The Political Preventions of Self-Acceptance

Lately, I’ve felt envious of certain women. What is it about these women that I envy? I envy their total comfort with their own non-normativity, particularly around gender expression. What I mean is that women are expected to be feminine, and our culture has very particular (although often tacit) prescriptions for how that femininity should look and act. Yet, there are women who depart from these expectations and seem so at ease, at peace, and confident in doing so.

Meanwhile, at my therapist’s office, we chat about the importance of accepting and approving of myself. Seems like good advice. But I struggle still to accept myself as a woman who is a noticeable mashup of masculine and feminine, who often is read as more masculine than I feel, and who often feminizes my expression to ward off judgment/rejection from an imagined critic.

I have often wondered why I don’t have the self-possession and self-esteem to be totally comfortable with my gender expression. But that question, I think, presupposes that the qualities can develop and sustain totally apart from political realities. When I say “political”, I mean it in the broadest sense: power. To understand politics is to understand power structures. And I think what I am realizing is that there are indeed political factors that prevent self-acceptance of queer, Black, non-normative me.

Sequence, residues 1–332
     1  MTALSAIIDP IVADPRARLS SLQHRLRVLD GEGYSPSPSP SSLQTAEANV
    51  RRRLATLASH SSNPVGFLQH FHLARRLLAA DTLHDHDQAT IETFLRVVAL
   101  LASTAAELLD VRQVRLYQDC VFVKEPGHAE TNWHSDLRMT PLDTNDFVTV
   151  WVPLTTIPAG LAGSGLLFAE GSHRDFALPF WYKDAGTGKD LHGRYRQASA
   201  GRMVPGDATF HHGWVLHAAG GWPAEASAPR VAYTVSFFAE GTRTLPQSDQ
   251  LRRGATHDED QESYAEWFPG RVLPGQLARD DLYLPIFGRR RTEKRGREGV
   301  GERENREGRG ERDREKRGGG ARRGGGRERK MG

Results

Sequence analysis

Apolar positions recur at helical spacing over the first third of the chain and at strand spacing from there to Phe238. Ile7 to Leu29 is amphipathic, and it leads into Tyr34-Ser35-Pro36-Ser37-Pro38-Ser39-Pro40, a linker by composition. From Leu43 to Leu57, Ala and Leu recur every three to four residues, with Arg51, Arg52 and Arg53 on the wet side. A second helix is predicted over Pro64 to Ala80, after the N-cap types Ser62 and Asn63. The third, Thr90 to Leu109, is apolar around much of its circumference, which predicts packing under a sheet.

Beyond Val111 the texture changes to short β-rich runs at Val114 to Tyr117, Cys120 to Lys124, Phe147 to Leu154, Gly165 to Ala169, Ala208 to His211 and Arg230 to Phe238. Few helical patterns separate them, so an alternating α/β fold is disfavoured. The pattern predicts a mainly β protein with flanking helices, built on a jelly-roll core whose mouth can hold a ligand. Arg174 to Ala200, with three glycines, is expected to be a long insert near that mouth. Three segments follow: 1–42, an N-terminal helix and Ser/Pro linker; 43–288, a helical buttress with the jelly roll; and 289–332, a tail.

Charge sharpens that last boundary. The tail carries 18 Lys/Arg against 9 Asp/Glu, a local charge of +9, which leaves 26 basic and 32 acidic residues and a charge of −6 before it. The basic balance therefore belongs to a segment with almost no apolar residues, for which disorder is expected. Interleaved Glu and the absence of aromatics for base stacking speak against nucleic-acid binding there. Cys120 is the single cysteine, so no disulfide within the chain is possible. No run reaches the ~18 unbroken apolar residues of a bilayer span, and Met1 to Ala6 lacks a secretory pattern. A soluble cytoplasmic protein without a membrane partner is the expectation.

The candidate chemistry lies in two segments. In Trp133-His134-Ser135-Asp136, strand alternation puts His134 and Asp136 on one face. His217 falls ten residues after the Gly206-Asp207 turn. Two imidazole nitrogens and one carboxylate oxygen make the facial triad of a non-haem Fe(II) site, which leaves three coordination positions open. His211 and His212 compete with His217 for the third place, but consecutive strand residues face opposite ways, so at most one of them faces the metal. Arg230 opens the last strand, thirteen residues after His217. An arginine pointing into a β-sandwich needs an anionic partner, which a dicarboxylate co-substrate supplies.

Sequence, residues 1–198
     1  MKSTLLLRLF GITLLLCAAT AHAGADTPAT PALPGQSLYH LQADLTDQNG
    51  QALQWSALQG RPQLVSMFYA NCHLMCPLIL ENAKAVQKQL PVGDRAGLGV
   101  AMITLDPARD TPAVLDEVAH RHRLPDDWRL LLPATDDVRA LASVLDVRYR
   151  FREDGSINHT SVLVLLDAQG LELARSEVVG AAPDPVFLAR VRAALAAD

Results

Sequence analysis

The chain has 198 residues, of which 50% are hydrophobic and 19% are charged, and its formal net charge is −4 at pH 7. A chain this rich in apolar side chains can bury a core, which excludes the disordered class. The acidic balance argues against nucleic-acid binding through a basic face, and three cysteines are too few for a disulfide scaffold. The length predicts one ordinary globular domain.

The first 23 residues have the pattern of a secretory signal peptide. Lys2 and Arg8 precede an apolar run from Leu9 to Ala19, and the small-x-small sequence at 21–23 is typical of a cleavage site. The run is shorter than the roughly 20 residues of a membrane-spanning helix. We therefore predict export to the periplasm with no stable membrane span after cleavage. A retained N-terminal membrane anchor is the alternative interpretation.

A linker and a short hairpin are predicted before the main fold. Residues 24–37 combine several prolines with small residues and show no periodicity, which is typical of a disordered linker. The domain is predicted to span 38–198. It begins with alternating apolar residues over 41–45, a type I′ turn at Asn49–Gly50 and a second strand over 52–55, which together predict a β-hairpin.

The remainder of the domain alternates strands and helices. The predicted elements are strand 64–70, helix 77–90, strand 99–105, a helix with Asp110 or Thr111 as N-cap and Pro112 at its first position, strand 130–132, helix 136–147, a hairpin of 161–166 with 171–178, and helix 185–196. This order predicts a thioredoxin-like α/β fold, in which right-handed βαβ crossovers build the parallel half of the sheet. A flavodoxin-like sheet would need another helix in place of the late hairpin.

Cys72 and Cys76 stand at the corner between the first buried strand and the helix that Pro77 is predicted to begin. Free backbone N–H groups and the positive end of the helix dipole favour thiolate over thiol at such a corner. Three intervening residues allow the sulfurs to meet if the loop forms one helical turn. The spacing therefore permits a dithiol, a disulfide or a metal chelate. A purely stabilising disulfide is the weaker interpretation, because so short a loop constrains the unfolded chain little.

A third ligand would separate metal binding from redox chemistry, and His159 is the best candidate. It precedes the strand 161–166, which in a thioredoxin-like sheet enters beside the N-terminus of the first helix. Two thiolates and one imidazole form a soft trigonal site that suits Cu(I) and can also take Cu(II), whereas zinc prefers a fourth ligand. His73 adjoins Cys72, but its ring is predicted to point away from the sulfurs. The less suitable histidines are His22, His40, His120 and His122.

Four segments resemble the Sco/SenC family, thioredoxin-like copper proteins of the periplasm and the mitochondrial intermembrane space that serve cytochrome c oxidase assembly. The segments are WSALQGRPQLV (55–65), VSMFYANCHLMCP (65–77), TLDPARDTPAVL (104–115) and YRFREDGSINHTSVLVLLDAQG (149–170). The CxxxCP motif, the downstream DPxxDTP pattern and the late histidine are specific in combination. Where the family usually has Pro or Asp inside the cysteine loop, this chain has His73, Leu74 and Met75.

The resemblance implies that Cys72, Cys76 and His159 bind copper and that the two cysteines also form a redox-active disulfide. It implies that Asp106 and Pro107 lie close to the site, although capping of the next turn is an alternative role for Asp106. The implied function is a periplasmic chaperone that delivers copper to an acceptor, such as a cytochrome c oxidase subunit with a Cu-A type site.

In this white supremacist context, I face constant dismissing and devaluing of blackness. In this heterosexist context, I face the pathologizing of queer desire and queer family. In this patriarchal context, I contend with male privilege, the policing of female bodies, and narrow conceptions of what constitutes a socially acceptable woman.

Suddenly, the self-acceptance imperative is much more complicated than psychological actualization.

I do not think self-acceptance is radical. I do think it is exceedingly difficult, and that difficulty is an extension of our political conditions, which are best understood with a radical analysis of power. The political conditions literally prevent self-acceptance. They are vaccinations against love of blackness, love of queerness, and peace of mind about a self liberated to be whoever it wants to be. I think folks like me will struggle with this until the conditions are different.

I don’t have the solution to this problem (revolution notwithstanding, ha). I think I will just be less hard on myself about the envy I feel and the struggle I face to be okay with who and how I am.

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